Advertisement

Development and Evaluation of an Easy-to-Use Stereoscopic Ability Test to Assess the Individual Ability to Process Stereoscopic Media

Conference paper
  • 3.2k Downloads
Part of the Lecture Notes in Computer Science book series (LNCS, volume 9179)

Abstract

With the rise of 3D cinema in recent years, 3D stereoscopic images have quickly conquered the entertainment industry. As a consequence, many scholars from different research disciplines study the effects of stereoscopy on user experience, task performance, or naturalism. However, parts of the population suffer from stereoblindness and are unable to process stereo images. For scientific studies, it is important to assess stereoblindness to avoid bias in the gathered data. Several clinical tests are available to measure deficiencies in stereo vision, but they often require special equipment and a trained investigator. We developed an easy to use and economic Stereoscopic Ability Test (SAT) that can be used directly within the intended experimental environment. Initial evaluation data for the test and guidelines for the test application are discussed.

Keywords

Stereoscopic vision Psychology Experimental Diagnostics 

1 Introduction

In recent years 3D technology has become publicly more and more accepted and by now almost every new TV-set is capable of 3D presentation. Research in stereoscopic virtual reality [1], video games [2, 3], and 3D-cinema [4] became more popular as well. On the other hand, not all users can enjoy the stereoscopic media: Some users are stereoblind, other users have healthy vision, but suffer from unacceptable side-effects such as nausea and headaches as part of motion- or cybersickness [2]. In this paper, we focus on users who suffer from stereoblindness. Reasons for not being able to process binocular depth information may stem from the loss of vision in one eye or medical disorder that prevent the eyes from processing binocular depth cues correctly (e.g. amblyopia, optic nerve hypoplasia, strabismus). While this group of users is still capable of perceiving monocular depth cues (e.g. relative size, motion parallax, accommodation, occlusion), they are incapable of directly perceiving an object’s distance through eye convergence.

With reported numbers of the stereoblind population ranging from 2 to 12 percent [5, 6], this can have two serious effects on studies on stereoscopic media: First, stereoblind participants represent a strong bias in a study’s sample. When stereoscopic 3D is manipulated in an experiment, they are unaffected by the manipulation, and whenever stereoscopic 3D is enabled in a virtual environment, they might be outperformed by the other participants due to a lack of spatial information. Second, using stereoscopic 3D can have benefits for user experience (UX). Thus, stereoblind participants might provide different UX ratings compared to participants with healthy vision. Most notably, participants may not be fully aware that their stereoscopic vision is impaired. Consequently, it is important to assess participants’ ability to perceive stereoscopic images as part of a study. While there are many clinical tests for stereoblindness (e.g. cover tests, bagolini lenses, worth’s four dots, measurement of accommodation and near point of convergence, etc.), they often require special equipment and a trained investigator to derive correct conclusions [7].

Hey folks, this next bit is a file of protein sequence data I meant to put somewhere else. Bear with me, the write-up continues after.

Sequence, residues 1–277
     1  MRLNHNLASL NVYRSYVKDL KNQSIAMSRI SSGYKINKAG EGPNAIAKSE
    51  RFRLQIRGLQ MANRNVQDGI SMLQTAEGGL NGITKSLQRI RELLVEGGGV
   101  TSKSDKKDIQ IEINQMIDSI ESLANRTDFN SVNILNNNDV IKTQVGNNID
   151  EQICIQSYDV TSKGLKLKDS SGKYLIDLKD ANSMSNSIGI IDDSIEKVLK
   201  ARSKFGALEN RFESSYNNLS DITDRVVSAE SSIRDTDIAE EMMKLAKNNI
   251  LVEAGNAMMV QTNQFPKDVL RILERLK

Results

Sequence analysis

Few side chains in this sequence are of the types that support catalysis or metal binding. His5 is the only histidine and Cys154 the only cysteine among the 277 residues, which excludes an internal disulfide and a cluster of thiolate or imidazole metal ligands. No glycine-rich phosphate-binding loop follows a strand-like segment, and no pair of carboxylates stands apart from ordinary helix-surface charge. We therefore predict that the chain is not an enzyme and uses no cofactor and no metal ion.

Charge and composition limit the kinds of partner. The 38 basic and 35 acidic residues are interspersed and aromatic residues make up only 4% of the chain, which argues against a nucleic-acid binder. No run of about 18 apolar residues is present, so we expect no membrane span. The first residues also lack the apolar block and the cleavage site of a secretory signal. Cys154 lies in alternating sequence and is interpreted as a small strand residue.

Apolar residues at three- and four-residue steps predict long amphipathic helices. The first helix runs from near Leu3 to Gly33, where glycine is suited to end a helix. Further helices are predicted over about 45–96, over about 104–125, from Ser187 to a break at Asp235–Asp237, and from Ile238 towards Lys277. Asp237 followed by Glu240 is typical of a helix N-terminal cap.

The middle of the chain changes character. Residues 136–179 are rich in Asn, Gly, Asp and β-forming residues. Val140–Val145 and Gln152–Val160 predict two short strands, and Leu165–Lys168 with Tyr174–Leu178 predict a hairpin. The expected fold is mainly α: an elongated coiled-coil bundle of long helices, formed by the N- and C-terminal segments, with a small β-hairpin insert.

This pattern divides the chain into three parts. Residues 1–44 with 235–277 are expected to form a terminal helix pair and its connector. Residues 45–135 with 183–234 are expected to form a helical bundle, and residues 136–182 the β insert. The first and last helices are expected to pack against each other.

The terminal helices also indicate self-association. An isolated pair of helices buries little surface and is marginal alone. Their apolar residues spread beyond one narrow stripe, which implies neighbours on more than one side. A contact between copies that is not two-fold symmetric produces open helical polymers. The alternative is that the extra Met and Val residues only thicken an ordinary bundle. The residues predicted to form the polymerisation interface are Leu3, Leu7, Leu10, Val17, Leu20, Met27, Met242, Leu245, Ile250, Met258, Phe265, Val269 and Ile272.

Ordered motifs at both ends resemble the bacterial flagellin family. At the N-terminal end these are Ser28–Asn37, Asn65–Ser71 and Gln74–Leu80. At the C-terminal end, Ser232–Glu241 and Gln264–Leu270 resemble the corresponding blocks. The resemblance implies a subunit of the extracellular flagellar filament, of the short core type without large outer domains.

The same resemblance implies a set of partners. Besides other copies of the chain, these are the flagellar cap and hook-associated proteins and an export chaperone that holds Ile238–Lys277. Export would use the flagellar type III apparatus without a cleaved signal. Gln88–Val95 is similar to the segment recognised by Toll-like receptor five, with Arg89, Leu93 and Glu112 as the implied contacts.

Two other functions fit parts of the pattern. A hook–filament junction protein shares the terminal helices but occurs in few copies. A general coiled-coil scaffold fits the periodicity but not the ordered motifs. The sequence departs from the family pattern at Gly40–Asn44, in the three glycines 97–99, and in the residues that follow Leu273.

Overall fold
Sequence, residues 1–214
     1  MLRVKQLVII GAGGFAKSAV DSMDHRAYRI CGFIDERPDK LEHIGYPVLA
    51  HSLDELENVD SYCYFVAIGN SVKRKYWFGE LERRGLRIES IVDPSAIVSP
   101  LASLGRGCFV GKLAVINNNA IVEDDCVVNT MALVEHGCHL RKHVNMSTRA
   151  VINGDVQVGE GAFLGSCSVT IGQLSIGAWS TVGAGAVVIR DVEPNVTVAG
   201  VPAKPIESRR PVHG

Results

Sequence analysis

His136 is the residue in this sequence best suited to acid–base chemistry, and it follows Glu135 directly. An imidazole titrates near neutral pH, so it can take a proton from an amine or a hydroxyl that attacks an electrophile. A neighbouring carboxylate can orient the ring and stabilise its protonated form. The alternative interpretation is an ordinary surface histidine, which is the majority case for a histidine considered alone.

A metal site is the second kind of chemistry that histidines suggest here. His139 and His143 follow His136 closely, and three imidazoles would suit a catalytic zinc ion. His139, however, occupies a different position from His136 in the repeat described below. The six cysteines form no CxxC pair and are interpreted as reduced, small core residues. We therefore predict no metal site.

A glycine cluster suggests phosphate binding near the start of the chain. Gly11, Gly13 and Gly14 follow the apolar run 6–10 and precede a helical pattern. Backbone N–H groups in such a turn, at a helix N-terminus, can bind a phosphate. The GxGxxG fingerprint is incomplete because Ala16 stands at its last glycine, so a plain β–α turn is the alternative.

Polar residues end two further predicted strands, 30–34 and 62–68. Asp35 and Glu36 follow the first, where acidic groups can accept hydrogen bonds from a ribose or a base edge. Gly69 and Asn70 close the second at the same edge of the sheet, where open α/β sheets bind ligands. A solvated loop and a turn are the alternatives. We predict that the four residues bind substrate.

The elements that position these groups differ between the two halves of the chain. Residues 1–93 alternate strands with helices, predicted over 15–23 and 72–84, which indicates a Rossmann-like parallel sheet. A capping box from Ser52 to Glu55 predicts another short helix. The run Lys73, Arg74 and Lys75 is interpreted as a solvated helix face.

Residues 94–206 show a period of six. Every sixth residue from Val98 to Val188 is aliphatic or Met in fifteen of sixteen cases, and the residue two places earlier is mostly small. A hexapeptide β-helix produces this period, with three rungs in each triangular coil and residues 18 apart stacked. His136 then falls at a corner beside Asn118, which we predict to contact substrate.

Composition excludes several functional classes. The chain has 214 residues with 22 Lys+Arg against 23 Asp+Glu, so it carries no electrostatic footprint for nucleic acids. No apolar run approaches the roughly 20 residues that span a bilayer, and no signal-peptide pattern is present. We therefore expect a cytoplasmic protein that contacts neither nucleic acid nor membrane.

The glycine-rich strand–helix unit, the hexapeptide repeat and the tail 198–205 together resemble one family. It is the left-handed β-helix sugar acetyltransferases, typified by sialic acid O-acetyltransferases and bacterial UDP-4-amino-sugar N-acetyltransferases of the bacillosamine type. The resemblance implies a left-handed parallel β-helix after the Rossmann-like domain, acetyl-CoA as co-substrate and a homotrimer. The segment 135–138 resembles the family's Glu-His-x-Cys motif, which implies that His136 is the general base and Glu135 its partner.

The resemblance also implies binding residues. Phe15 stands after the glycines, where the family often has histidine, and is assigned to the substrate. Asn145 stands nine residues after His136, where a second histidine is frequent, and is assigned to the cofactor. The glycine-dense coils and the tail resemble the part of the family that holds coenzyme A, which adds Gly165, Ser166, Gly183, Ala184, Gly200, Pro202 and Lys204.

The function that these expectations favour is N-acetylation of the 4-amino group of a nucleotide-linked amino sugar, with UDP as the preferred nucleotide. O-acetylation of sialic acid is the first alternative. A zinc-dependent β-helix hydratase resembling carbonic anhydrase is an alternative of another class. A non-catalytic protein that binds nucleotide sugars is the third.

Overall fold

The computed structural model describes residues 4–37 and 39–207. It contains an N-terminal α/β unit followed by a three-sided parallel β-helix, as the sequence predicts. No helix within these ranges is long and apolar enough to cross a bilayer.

Additionally, while clinical tests assess general stereo vision for depth perception, stereoscopic media do not provide visual stimuli with real visual depth. Instead, the illusion of depth is created by introducing disparity between the images for both eyes on a fixed distance. Thus, the user has to adapt to the necessary convergence, while keeping accommodation constantly at the display. This is different from real depth perception, for which convergence and accommodation are highly correlated. Thus, to assess the ability to process depth cues in 3D media, the instrument should focus on the stereoscopic technology and its specific characteristics in addition to real stereo vision. Furthermore, from a methodological standpoint, assessing stereo vision within the same medium (i.e. display) that is used in a given study increases internal validity. Thus, our goal was to develop an easy-to-use test for stereoblindness that could be used with a wide range of stereoscopic displays.

2 Depth Perception and Stereoscopic Media

The function of human depth perception is the estimation of distances within our three-dimensional environment. Our eyes perceive two-dimensional images (one with each eye), but our cognitive system interprets all available stimuli to extract depth cues. The images on both retinas differ by the interpupilar distance (IPD) so that objects are perceived from two (slightly) different perspectives (i.e. disparity). Our cognitive system interprets both monocular and binocular spatial cues. Monocular cues include occlusion and relative sizes of objects, height in the visual field, linear and aerial perspective, texture gradients, and motion parallax [8]. Binocular cues encompass accommodation and vergence of muscles in the eyes and stereopsis [8].

Accommodation refers to the adaptation of the eye lenses to focus near or far objects. Vergence describes the rotation of the eyes towards each other (convergence) to focus near objects or away from each other (divergence) to focus far objects. Both processes are highly correlated and enable binocular vision. Due to physical constraints, binocular vision is usually limited to short distances of two to three meters, whereas we can interpret monocular depth information far beyond 30 meters and more [9].

2.1 Stereoscopic Media

Stereoscopy relies on the ability of the human perceptual apparatus to process separate images with each eye. Each eye is presented with a slightly different two-dimensional image, resulting in the illusion of binocular depth perception.

The first stereoscopic photographs were used in a Wheatstone’s mirror stereoscope in the 19th century, and later in stereograms. The tradition of stereoscopic media is long, and features many different technologies to present stereo images [10], e.g. the color anaglyph system which was used in 3D movies in the early 20th century.